Accessing 70 Million copyright records at LC may help you find more records for your family history.
These newly available Library of Congress (LC) copyright records may document an ancestor or relative who published a family history, novel, or other creative work. If your writer-ancestor claimed copyright by submitting a copy of their work to the Library of Congress, then this is the database for you.
The image above is a sample from a new digitization project at the U.S. Copyright Office. Staff member Mike Burke wrote a blog entry about this new database, which I think is of some evidential value to genealogists. He writes:
The U.S. Copyright Office has a comprehensive set of records about books, periodicals, music, motion pictures and other works that were registered with the Office between 1870 and 1977. The records include transfers and assignments of rights reported to the Office. Until now these records have existed only in paper and microfilm form, but the Office has an exciting project underway to convert these non-digital records and make them available via the web. Over 13 million catalog cards have already been digitized as well as more than half of the Catalogs of Copyright Entries published since 1891. This latter set is available for searching through the Internet Archive.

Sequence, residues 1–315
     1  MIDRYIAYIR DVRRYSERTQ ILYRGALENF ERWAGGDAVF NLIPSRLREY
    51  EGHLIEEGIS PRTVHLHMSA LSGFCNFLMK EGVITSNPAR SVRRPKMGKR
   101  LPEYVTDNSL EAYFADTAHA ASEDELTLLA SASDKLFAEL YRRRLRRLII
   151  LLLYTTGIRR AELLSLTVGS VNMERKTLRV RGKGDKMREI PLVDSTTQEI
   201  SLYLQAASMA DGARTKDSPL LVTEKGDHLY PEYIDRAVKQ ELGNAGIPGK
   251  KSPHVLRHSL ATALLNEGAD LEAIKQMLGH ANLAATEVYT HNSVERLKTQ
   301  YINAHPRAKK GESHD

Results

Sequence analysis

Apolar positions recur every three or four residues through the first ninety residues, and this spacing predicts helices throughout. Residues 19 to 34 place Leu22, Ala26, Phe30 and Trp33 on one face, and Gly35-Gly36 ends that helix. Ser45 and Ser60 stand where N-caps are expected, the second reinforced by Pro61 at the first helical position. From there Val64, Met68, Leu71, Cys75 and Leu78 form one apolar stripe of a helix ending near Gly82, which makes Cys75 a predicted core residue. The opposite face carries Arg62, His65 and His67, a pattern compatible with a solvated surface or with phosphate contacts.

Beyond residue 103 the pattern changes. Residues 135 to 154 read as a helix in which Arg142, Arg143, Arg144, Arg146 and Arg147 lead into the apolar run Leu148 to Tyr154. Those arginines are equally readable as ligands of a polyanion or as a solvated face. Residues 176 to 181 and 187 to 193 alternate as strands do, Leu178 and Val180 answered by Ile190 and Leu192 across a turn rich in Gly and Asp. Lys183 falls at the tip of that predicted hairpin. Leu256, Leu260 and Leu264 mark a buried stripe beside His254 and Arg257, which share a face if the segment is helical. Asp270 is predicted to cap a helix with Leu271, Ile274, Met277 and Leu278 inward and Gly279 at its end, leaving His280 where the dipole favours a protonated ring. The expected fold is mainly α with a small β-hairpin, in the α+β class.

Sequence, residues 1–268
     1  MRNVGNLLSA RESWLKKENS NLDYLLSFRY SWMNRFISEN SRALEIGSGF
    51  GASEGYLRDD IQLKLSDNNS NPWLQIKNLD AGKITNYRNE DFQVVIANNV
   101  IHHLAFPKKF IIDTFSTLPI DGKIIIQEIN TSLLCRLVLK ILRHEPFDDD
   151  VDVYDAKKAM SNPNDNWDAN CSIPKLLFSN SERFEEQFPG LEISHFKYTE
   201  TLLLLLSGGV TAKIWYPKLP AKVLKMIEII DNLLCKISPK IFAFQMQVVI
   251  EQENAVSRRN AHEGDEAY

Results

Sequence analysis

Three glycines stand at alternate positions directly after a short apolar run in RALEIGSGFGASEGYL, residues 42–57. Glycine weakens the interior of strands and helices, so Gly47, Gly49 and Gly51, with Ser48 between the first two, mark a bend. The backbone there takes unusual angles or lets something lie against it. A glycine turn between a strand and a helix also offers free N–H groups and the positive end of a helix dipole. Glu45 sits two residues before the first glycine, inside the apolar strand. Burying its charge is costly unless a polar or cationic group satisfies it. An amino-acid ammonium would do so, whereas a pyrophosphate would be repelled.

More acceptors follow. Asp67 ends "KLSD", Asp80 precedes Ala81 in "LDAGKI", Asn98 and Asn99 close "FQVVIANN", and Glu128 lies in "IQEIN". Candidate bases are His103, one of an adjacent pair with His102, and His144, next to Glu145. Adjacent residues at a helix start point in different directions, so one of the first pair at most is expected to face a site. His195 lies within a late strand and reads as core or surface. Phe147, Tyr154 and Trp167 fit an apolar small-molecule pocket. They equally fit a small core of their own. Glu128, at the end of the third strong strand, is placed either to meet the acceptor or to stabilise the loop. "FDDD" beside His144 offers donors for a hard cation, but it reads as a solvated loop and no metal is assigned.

The Copyright Office is working on digitizing these records and has launched Copyright Matters: Digitization and Public Access, a blog to publicize the project’s goals, objectives and progress. Please visit the blog and feel free to submit your thoughts and ideas about getting the most out of these records for genealogical research.
Do these copyright records help your family history research? Let me know.
And for more research tips from this blog, click here.
And for more information on copyright in the United States, click here.